BARK BEETLES DO NOT INCREASE FIRES
Bark beetle numbers surge during drought periods. Trees stressed by drought are unable to cast off beetles. One of the common assumptions behind logging/thinning projects being promoted around the West is that beetle kill will increase fire risk. So the solution to this perception is to log forests to preclude beetle kill by reducing densities and/or to remove existing dead trees to reduce fuels.
However a host of studies demonstrate that beetle killed forests are no more likely to burn than green forests. Indeed, some studies suggest that for a period of time after a bark beetle outbreak, forests are less likely to burn.
This is easily explained by fuels. One of the big misconceptions about wildfire is that fuels drive them and the more biomass, so the thinking goes, the more likely you are to have a major fire. But the “fuels” that carry wildfires are the small flashy fine fuels like pine needles, cones, small branches, not the boles of trees. That is why there are “snags” left after a fire. Most of the tree is not consumed or burned in a wildfire. So once a beetle kill tree loses its needles and the small branches break off in winter storms, they are actually less flammable than live green trees.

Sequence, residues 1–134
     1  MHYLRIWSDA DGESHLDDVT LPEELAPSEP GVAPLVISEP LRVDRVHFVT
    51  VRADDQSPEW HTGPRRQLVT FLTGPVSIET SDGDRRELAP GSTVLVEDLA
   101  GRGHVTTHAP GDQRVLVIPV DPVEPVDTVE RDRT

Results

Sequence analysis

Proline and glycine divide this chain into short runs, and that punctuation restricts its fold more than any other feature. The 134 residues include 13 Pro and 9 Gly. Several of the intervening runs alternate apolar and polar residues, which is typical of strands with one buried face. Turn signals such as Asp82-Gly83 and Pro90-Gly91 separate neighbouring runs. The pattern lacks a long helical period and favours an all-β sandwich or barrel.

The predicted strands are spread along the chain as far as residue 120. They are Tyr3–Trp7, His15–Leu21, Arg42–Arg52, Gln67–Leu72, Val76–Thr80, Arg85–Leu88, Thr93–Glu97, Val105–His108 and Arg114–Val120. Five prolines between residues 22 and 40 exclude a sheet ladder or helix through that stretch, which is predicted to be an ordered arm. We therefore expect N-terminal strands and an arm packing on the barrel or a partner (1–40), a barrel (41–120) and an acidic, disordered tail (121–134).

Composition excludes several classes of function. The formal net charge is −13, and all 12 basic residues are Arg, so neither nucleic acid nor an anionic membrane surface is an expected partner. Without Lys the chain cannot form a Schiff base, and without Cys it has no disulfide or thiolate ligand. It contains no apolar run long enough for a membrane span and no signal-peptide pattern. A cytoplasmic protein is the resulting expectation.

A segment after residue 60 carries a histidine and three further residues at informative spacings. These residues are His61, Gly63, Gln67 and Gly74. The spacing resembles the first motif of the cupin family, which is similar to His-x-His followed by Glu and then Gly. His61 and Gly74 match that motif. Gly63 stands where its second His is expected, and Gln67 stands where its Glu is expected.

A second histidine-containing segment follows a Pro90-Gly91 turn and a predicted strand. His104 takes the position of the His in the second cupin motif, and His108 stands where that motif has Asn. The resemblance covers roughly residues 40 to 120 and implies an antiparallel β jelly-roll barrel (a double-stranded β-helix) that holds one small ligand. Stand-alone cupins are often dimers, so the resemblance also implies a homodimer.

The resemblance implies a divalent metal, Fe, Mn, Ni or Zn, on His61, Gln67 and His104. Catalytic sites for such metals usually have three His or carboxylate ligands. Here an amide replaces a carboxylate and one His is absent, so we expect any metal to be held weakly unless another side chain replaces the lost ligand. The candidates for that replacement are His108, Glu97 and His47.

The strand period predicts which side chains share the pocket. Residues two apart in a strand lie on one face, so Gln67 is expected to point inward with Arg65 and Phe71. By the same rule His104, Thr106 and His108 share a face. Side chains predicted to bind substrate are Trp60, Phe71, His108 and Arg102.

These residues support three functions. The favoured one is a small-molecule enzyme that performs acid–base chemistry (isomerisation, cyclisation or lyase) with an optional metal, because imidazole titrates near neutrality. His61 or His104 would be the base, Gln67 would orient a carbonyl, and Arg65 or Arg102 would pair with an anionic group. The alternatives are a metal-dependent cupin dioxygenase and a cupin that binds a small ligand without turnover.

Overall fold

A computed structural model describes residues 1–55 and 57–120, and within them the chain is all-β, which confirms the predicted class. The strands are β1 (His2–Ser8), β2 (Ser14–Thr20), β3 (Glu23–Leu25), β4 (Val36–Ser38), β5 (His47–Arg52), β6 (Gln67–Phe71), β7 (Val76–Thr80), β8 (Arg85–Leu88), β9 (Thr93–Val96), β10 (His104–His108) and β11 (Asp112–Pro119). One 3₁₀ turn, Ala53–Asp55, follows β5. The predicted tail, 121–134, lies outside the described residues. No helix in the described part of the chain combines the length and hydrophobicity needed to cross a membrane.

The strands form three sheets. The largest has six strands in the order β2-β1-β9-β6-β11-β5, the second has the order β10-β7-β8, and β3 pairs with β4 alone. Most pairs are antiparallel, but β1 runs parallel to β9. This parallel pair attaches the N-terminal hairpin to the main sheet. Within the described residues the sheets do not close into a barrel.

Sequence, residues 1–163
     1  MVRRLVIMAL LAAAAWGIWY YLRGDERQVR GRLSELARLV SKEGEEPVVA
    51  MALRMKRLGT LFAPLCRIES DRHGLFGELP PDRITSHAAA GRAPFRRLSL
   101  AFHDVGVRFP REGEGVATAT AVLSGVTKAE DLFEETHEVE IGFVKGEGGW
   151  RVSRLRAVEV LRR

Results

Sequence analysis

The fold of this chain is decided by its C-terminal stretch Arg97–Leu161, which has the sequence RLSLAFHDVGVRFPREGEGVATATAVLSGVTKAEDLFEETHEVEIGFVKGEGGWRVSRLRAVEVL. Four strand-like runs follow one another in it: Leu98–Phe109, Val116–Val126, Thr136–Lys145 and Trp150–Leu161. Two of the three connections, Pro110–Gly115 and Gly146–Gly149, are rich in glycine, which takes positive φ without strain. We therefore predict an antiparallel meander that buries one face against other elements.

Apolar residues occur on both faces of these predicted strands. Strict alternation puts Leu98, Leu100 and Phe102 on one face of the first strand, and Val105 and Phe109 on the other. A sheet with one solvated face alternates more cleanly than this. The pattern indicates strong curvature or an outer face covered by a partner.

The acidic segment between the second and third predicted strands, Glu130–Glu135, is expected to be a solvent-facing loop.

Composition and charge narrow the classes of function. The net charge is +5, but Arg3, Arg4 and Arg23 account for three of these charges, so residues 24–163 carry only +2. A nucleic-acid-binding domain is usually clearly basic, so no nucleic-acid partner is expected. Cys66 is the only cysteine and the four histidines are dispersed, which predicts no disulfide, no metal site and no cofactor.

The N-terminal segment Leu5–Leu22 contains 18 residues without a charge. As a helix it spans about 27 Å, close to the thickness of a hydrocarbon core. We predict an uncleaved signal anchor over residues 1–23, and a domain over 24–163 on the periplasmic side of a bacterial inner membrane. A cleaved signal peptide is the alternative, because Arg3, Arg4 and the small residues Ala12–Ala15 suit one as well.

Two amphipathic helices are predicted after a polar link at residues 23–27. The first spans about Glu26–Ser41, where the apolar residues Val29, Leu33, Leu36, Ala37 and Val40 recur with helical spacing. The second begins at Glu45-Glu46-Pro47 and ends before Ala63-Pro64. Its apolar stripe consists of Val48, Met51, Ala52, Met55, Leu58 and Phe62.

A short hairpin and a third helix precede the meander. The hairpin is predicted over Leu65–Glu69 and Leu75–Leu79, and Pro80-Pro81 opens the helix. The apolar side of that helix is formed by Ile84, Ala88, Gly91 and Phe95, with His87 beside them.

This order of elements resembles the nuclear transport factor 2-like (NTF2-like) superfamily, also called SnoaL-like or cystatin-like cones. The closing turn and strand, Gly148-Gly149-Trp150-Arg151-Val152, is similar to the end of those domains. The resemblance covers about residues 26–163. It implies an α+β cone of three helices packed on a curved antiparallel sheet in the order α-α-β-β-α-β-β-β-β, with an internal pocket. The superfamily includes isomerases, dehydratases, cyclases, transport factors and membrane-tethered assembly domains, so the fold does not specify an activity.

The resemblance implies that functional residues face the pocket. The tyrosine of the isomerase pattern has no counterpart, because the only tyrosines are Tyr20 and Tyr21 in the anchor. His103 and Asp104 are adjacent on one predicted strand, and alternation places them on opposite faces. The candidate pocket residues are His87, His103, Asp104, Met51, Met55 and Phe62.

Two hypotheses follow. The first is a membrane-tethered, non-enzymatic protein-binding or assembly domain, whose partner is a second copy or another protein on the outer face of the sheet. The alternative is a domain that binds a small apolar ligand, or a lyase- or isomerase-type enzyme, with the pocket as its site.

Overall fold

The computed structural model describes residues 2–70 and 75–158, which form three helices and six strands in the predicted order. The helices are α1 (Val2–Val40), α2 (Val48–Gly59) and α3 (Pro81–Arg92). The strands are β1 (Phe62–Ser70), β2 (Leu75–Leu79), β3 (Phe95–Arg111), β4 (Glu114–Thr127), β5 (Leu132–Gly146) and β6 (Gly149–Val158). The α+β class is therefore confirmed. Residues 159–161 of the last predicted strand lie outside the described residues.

In fact, green trees, due to their abundance of resin-filled needles and branches will burn more intensely than dead wood under extreme weather conditions of low humidity, high temperatures and high winds. These are the kind of weather conditions that drive large wildfires.
There is a nuance here, however. As the young trees unaffected by bark beetles grow up in the understory of remaining trees, they do provide more “ladder” fuel that can sometimes increase fire spread for a few decades until the canopy closes and fire risk is again reduced—assuming that conditions for fire spread exist at all during those decades and there are ignitions.